French artist Jean-Michel Othoniel is known for his sculptures comprised of hand-blown glass parts. Made for both indoors and out, Othoniel explores history and universal human experiences in his large-scale artworks.Read More
After graduating from the École Nationale Supérieure d'Arts de Paris-Cergy in Cergy-Pontoise, France, in 1988, Othoniel worked with wax and sulphur, exploring their reversible and symbolic properties. Motivated by his preoccupation with the human body and the trauma of the AIDS epidemic, these early sculptures attracted international attention at documenta IX (1992) in Kassel. A set of sulphur works and My Beautiful Closet (1994)—an installation-performance piece featuring dancers filmed in the dark—was included in the exhibition Féminin/Masculin (1994) at Centre Pompidou in Paris.
Since 1993, Othoniel has been incorporating glass (made by internationally renowned glass-blowers in Murano and Basel as well as Monterrey, Sapporo and Firozabad) into his work to address experiences of joy, suffering, loss and recovery. The glass bead necklace has been a recurring motif in Othoniel's work since first appearing in 1996 as giant suspended sculptures in the garden of the Villa Medici in Rome; its beads allude to the human body, bonding and the embracing of both joy and suffering. The following year, the necklace was reduced to a more intimate scale when Othoniel fashioned 1000 of them from blood-red glass beads in memory of the late artist Félix González-Torres, who had been Othoniel's mentor and friend, and had died of AIDS in 1996. Giving away the necklaces at that year's EuroPride festival, Othoniel made a photomontage of the process, titling it Scar-Necklace (1997).
Again using the motif for his public commission titled Le Kiosque des Noctambules (The Kiosk of the Nightwalkers) (2000), Othoniel placed two crown-shaped structures over the subway entrance to the Palais-Royal/Musée du Louvre station in Paris and surrounded it with a fence of aluminium rings, beset with coloured glass beads. The crowns, also made from glass globes, have two different colour schemes representing night and day. Patrons of the subway encounter the colours of the day when emerging from the ground, and the opposite when descending into the ground. Creating the work while he was recovering from heartbreak, Othoniel drew on the idea of the emergence from dark into light as an experience that, though different for everyone, is universal.
Often, Othoniel's other sculptures address more specific social and historical concerns. Bateau de Larmes (Boat of Tears) (2004), for instance, consists of an abandoned Cuban refugee boat from Miami over which the artist erected a canopy of glass globes. Crystal teardrops hang from the canopy, signifying the hardship and suffering faced by Cuban exiles. In his 2018 exhibition Dark Matters at Perrotin New York, Othoniel paid a tribute to the Stonewall riots of 1969 through his sculptural series 'Precious Stonewall' (2010–2017). The artworks are made of glass bricks from India, piled up to give an impression of glossy stone walls. Stacking the glass bricks in a fashion that recalls the way bricks are kept on roadsides in India, Othoniel increasingly experiments with incorporating architectural elements into his work.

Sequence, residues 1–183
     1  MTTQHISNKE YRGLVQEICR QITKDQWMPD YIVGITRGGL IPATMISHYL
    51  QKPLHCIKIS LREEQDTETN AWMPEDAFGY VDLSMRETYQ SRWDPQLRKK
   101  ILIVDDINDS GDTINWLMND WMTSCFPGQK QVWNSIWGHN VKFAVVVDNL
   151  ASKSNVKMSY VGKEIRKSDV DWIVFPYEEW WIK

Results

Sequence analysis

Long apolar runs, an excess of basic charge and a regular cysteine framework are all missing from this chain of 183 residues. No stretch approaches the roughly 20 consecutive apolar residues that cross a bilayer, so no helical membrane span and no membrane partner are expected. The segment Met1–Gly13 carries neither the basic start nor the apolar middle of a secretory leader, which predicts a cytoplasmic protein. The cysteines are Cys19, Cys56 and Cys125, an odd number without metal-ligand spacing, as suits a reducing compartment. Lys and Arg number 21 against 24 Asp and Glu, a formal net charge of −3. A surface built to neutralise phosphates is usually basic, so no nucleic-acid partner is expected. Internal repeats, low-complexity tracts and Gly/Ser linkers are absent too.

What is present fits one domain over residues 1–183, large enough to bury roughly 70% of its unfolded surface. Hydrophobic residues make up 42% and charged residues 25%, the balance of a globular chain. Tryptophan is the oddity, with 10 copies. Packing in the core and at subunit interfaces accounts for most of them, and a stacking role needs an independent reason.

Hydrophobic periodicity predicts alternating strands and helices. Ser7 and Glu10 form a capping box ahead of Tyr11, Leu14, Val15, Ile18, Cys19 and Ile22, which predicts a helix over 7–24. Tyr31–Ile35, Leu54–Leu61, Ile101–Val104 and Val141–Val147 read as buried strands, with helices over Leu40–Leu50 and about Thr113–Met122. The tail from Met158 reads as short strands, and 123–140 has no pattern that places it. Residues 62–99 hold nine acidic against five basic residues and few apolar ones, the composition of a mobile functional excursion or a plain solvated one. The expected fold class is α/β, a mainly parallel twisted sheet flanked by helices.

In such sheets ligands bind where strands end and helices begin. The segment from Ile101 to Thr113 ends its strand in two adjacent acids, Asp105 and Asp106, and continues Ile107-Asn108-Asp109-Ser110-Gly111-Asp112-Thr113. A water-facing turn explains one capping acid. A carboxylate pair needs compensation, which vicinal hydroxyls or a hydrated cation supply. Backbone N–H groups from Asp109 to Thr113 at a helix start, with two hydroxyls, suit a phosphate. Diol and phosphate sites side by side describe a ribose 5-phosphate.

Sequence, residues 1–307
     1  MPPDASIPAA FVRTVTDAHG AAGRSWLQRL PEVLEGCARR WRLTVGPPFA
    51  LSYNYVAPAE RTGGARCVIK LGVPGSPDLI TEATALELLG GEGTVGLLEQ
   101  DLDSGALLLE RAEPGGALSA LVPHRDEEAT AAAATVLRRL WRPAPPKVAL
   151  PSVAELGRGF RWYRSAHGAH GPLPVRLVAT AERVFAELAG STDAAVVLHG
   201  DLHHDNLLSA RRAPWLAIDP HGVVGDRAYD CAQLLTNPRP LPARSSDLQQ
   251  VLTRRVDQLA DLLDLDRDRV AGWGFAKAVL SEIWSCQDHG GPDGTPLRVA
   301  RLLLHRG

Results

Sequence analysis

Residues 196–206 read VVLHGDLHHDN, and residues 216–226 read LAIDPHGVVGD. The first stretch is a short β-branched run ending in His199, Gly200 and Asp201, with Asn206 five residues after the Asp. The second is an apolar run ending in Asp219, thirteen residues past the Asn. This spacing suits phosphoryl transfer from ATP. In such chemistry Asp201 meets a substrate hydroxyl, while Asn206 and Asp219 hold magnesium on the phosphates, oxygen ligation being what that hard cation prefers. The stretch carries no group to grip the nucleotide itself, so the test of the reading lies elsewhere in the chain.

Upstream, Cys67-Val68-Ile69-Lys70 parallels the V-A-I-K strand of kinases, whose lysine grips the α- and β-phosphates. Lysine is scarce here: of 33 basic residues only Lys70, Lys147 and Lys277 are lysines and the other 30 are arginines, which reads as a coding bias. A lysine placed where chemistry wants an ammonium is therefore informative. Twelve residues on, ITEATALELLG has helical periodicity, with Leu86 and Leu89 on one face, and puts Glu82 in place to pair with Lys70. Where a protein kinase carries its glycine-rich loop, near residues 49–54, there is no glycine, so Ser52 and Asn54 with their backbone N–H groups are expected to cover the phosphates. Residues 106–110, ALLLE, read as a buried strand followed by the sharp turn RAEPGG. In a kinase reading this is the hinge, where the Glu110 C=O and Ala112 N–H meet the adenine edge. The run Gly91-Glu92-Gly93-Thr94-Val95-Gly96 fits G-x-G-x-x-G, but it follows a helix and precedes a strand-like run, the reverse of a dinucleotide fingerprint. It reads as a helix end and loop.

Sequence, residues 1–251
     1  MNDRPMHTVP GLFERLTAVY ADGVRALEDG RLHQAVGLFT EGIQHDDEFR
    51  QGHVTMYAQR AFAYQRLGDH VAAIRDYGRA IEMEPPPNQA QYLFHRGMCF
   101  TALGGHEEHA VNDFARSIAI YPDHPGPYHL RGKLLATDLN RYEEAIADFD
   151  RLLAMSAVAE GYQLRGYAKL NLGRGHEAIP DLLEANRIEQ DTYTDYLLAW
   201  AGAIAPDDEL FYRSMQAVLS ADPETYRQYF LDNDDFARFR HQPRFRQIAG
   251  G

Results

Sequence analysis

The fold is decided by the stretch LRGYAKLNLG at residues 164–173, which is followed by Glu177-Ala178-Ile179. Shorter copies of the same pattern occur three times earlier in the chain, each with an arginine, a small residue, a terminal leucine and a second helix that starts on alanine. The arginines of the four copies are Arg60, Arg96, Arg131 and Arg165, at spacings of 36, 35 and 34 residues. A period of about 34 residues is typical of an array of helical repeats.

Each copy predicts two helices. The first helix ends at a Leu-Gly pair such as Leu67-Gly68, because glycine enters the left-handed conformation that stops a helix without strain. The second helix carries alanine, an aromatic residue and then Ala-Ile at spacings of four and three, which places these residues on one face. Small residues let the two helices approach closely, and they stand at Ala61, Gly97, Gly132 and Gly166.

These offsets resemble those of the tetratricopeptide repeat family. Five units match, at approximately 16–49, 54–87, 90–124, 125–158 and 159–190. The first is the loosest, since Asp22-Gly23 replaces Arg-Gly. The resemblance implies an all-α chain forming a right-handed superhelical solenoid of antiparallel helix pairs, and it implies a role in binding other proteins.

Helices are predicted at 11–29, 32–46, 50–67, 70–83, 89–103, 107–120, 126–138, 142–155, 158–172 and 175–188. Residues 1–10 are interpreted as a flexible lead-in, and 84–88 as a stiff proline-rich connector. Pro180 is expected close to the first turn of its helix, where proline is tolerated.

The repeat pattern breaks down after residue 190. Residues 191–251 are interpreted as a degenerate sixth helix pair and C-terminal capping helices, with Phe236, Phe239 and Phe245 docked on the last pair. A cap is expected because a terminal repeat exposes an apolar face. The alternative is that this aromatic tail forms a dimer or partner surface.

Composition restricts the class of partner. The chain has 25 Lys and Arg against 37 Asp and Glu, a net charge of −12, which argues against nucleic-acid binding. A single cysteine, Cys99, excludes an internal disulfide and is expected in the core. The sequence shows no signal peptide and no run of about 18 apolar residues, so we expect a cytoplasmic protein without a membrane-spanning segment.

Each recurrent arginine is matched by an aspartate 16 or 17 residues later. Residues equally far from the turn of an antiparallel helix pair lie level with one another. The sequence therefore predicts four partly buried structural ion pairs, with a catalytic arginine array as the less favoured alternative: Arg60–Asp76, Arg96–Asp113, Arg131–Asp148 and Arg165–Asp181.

Othoniel is also recognised for his rejuvenation of historical sites. Unveiled in 2015, Les Belles Danses (The Beautiful Dances) is a group of three sculptures that marked the reopening of the Water Theatre Grove at Versailles. The sculptures consist of a total of 1,750 glass bubbles set with gold-leaf. Their vibrant forms, seemingly floating or rising out of the fountain in the Grove, were inspired by the dance annotations that Raoul-Auger Feuillet (1653–1710) developed for King Louis XIV in 1701.
In 2016, Othoniel completed the eight-year renovation for the interior spaces of Le Trésor de la Cathédrale d'Angoulême—a 12th-century cathedral whose exteriors had been restored in the then-current neo-Romanesque style by the French architect Paul Abadie between 1852 and 1875. For his permanent addition to the cathedral, Othoniel employed his geometric motifs and his signature hand-blown glass globes from Murano in a colour scheme of mostly blue and gold, to reimagine the site as an absorbing spectacle.
Othoniel's work has recently been shown at Perrotin New York (2018); Kukje Gallery, Seoul (2016, 2010); Isabella Stewart Gardner Museum, Boston (2015); Karuizawa New Art Museum (2014); Perrotin Paris (2013); and the Peggy Guggenheim Collection, Venice (2006) among others. His participation in international exhibitions includes the Venice Biennale (2009, 1995); Istanbul Biennial (2007, 1992); and the Gwangju Biennale (2000). In 2011 he held a major retrospective at the Centre Pompidou, titled My Way, which travelled between 2011 and 2012 to Leeum, Samsung Museum of Art, Seoul; Hara Museum of Contemporary Art, Tokyo; Macao Museum of Art; and the Brooklyn Museum, New York.
Othoniel lives and works in Paris.
Sherry Paik | Ocula | 2018